And then I guess lastly, just sticking on tissue, SCA said the other day that they were getting 4 or 5 percentage type price increases in the back half in European consumer tissue. And it seems like just about everywhere you’re seeing pricing except here. You just basically saw some sheet count help in the first quarter, as you mentioned. And I just wonder to what extent is some of the aggressive behavior on the part of the private label producers, especially some new ones to try to add Clean-Dry Technology. To what extent do you think that’s holding down pricing in the marketplace here?

Tom Falk

I think that there is a lot of other levers that you pull on tissue besides list price. So list price is one of them but promotional depth and frequency is another. And sheet size, sheet count is another. Package count and how you bundle it, is it 24 rolls or 20 rolls. So there’s a lot of different ways to get that price realization in tissue, and we’re using all of those tools. And I think we’re far more sophisticated in our outlook and approach to pricing around the world than maybe we would have been even several years ago. And so, understanding the consumer dynamics and how they buy their category and how they react to strategic price points, all plays into it. And so, our challenge is to optimize net realizable revenue and still be competitive in the local market.

Chip Dillion - Credit Suisse

I think it’s almost unbelievable how well you’ve done in this pulp environment. Congratulations. That’s basically a thank you.

Operator

Next question comes from Jason Gere with RBC Capital Markets.

Jason Gere - RBC Capital Markets

I guess just a couple of questions. One, thinking about the volume acceleration in the back half, can you kind of just summarize? They are leaning a little bit more on the emerging markets as you’ll see a little bit more of an acceleration there, because obviously it sounds like you’re doing a lot of great things there. And that’s more macro-driven. Or two, is it more the innovation that you’ve launched, the spending behind it that you do think. And I know you had some comments that the consumer is going to sideways right now. So I guess I’m just thinking about the back half of the year. Is it the former or the latter, or is it just really a mix of the two that you think will kind of accelerate the back half?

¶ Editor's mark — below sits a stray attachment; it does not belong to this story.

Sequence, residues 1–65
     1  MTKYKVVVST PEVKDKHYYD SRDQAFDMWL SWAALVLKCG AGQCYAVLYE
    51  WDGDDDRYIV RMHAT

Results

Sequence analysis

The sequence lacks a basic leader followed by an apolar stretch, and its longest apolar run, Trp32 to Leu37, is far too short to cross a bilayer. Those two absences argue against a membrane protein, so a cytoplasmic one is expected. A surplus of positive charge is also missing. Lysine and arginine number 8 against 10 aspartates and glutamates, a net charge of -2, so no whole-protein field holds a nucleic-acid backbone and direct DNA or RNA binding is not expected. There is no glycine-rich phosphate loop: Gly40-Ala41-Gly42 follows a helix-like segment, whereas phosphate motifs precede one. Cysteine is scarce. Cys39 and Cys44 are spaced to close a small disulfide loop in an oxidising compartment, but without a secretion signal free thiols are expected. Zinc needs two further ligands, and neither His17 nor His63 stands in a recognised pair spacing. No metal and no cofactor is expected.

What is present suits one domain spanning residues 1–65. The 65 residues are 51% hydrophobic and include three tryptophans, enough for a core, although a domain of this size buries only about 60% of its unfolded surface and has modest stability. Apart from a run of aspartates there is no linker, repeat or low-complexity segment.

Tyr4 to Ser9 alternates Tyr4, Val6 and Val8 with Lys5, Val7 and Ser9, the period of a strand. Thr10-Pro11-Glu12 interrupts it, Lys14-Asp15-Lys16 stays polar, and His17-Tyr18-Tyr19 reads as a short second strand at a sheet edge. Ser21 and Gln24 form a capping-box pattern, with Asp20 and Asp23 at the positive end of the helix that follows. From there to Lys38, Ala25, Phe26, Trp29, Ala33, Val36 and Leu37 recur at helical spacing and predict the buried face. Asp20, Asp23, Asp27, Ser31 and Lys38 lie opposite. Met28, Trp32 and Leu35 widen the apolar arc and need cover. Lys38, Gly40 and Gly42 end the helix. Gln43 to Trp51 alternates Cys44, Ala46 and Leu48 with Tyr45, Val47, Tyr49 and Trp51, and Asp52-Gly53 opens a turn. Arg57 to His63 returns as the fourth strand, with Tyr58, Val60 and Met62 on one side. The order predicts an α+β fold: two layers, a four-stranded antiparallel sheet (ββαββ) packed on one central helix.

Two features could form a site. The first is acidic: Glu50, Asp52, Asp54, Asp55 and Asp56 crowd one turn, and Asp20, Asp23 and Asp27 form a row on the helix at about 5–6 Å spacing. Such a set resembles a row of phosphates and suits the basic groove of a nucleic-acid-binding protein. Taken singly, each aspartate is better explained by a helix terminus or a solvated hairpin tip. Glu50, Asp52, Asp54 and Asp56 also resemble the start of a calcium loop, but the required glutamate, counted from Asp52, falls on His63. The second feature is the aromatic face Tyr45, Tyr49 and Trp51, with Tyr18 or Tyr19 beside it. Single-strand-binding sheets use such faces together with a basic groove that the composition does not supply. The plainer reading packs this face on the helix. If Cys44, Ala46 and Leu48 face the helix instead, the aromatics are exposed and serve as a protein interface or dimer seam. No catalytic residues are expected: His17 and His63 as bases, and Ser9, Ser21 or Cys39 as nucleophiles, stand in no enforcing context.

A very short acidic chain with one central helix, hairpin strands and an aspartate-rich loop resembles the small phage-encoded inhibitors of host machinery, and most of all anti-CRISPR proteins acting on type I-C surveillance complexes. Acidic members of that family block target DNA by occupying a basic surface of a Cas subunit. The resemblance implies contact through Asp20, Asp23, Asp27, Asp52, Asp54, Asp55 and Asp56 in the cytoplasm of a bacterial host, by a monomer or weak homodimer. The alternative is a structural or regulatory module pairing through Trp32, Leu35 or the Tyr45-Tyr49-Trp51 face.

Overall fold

Tom Falk

Yeah, I think it’s in a lots of spots. Certainly, innovation is working fairly. We’ll have a full six months of U by Kotex in some of the incontinence products where we only had really a quarter or so of those in the first half. So we’d expect to see continued volume growth there. That’s very solid. We’ve got some great innovation coming with our Huggies brands, and we’d expect to see continued strong share results. We had Pull-Ups and GoodNites, so that will be positive. Our tissue, we should be past some of the big sheeting impact and start to annualize some of that in the second half. And so, we would expect to see stronger volume comparisons on tissue.

We’ve also got more promotional activity, which was our plan, behind some of the innovation that’s coming in tissue. We’d expect to see that help our tissue volumes, particularly in North America in the second half. But I’d also say, in healthcare, we think we’re past all the inventory adjustments by our distributors and end-use customers related to H1N1, so we should be back with more of a normal growth trajectory there. So I’d say lots of those areas that would add up to our stronger second half than first half.

Jason Gere - RBC Capital Markets

And then, I think in the press release you talked about and, hopefully, you didn’t answer this already. But there were some issues that were kind of one quarter with KCP that affected volumes. How much was that and how do we put, I know you kind of quantified Venezuela as kind of 1% hit to volume. I was wondering if the KCP, how that materialized? What the impact was there?